Alan Jacobs (9th Sept 1929 – 25th July 2020)

(Photo by Paula Marvelly)

Alan Jacobs, President of the Ramana Maharshi Foundation UK, died last month. Well-known and respected in the Advaita community, he was the author of nearly 30 spiritually-related books, from a contemporary, free-verse rendering of the Bhagavad Gita to a compilation of material from Ramesh Balsekar.

I only met Alan a couple of times so am not qualified to write any eulogy. I will leave that to Paula Marvelly, who knew him for many years. I can however, agree entirely with her summary: “Alan was the quintessential English man of letters and a perfect gentleman. I shall always have an enduring image of him sporting a Panama hat, cravat and cane, with a cup of tea near to hand”. Continue reading

pratibandha-s – part 9 of 10

Read Part 8

Ramana Maharshi

As I have pointed out earlier, most of what is referred to as Ramana’s teaching comes from recorded talks or answers that he gave to visiting seekers. Not only were those answers aimed at the level of understanding of the questioner but the transcriptions were made by others, who may not entirely have understood the answers, and they have been translated from those transcriptions by others who may also not have been especially knowledgeable. The text known as ‘Guru Vachaka Kovai (The Garland of Guru’s Sayings)’ is a collection of his teachings recorded by Muruganar, who lived with Ramana for several years. Ramana is stated to have edited and added to the work so that we can assume it does not suffer to the same degree from those shortcomings (although it has been translated from Tamil).

In this work, Ramana specifically addressed the concept of ‘obstacles’ (pratibandha-s) in Chapter 22. It does read as though it applies mainly to the seeker rather than the j~nAnI but verse 620 refers to ‘reaching the destination’, which may then be construed as the entire ‘path’ through to final liberation (videha mukti):

“619. Just as a gem taken from a mine will not have full luster if it is not polished on the grindstone, so the real tapas, the sadhana which one is doing, will not shine well if it is not provided with trials and tribulations on its way.

 620. For a big temple-chariot to go along the streets and safely reach its destination, not only the strong linchpins but also the obstructing blocks, which prevent it from dashing into anything by running to the sides of the streets, are indispensable.” (Ref. 204) Continue reading

Enlightenment – akhaNDAkAra

The word akhaNDAkAra means ‘form of the whole’. AkAra means ‘form, shape, appearance’; akhaNDa means ‘entire, whole’ (a means ‘not’, khaNDa means ‘broken, deficient, fragmented’). So, what happens on enlightenment is that the previous mental disposition of believing ourselves to be separate and limited is replaced by the realization that we are the unlimited whole – brahman.

This realization takes place in the mind of a person at a moment in time but the irony is that, once it has occurred, it is then known that who-we-really-are is timeless and mindless.

Swami Paramarthananda tells a story about a game he used to play as a child. He and his friends would take a child into a room that was entirely empty and they would place pillows about the room and stand the child up against one wall. He was told to memorize the positions of the pillows and then they blindfolded him. He was then told that he had to cross the room to the other wall without touching any of the pillows. The other children then watched as he very carefully edged his way forward. Whenever they laughed, he would retreat and move sideways before trying again. Eventually he reached the other wall and was allowed to remove the blindfold. He then discovered that all of the pillows had been removed before he began and that he had been moving across an empty floor trying to avoid non-existent objects. Continue reading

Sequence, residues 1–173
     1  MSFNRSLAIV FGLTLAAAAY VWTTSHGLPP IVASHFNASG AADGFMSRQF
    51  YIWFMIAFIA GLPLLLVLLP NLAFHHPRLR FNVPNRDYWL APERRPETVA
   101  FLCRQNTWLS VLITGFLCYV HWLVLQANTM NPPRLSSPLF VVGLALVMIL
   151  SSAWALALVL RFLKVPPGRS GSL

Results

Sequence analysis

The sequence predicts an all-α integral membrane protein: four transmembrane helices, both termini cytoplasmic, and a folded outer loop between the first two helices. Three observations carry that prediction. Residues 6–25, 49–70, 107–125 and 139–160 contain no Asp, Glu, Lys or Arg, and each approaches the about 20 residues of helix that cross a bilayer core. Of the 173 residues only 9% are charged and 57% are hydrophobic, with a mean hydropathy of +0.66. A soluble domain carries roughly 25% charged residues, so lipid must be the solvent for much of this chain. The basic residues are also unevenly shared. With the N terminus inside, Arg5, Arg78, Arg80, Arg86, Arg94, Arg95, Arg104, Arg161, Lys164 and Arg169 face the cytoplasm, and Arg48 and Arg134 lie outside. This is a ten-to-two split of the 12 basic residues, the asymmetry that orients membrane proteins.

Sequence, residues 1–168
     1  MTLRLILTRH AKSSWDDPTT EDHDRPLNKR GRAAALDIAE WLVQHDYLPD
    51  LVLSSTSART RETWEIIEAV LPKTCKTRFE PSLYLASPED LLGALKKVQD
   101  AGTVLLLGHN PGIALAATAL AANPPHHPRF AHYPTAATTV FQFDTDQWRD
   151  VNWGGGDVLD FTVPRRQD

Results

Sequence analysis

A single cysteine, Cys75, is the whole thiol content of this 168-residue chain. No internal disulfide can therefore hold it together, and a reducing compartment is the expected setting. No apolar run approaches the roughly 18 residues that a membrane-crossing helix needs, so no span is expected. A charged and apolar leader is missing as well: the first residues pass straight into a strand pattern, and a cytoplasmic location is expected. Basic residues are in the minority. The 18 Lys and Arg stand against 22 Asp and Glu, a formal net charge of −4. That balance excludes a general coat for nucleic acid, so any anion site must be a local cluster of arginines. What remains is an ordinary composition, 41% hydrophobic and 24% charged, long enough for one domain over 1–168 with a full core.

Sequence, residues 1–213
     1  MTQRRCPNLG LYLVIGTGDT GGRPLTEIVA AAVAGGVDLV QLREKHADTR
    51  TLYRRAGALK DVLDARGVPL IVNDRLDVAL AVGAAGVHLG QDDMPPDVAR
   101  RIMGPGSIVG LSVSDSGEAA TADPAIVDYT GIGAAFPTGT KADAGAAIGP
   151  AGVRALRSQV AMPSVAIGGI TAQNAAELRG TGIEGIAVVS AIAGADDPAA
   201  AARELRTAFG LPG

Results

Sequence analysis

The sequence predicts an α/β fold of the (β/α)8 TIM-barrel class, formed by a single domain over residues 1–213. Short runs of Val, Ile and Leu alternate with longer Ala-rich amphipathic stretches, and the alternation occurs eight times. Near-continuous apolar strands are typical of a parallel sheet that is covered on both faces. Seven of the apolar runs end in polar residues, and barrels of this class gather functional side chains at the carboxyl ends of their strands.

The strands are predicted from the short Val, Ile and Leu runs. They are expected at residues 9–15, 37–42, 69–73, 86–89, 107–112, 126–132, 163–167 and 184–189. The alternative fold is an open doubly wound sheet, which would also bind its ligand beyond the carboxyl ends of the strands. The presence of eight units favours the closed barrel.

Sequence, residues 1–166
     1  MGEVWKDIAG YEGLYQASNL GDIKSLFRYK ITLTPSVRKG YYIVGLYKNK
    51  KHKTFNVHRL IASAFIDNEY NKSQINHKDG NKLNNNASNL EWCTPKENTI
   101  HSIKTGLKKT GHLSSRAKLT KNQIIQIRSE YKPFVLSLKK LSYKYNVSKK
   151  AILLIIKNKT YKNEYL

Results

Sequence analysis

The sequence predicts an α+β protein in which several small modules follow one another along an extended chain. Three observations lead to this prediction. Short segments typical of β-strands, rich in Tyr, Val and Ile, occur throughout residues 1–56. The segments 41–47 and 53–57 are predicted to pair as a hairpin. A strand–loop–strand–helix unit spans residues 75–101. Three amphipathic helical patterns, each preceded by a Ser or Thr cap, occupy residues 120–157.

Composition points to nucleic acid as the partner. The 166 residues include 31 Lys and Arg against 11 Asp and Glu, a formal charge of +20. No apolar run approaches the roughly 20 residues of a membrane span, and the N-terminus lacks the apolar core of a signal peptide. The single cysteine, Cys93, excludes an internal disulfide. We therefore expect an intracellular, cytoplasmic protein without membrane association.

‘I’ is a Door

Philip Renard appears in the ‘Teacher Lineage’ charts in Advaita Vision under Nisargadatta Maharaj but he has also been significantly influenced by both Ramana Maharshi and Atmananda Krishna Menon. In his first English language book, Philip writes about Advaita as communicated by all of these modern sages.

An extract from the book (about Atmananda) can be read here.

I have not yet read the book, which has just been published. It has a chapter devoted to each teacher, followed by a summary chapter, short biographies, extensive ‘Notes’ and bibliography.

It is available from Amazon in paperback and Kindle formats:
Paperback: Buy from Amazon US ($14.00) Buy from Amazon UK (£11.00)
Kindle: Buy from Amazon US ($6.06) Buy from Amazon UK (£4.59)

Knot of the Heart

I first encountered this term many years ago in discussions on the Internet with people who were influenced by Ramana Maharshi. The context was that, in order to attain enlightenment, it was not simply to do with gaining knowledge, or some key experience, but to do with breaking down some sort of emotional or psychological barrier. Maybe this is a peculiarly Western problem, whereby anything to do with the heart is equated to emotions. At any rate, the concept did not ring true for me at the time!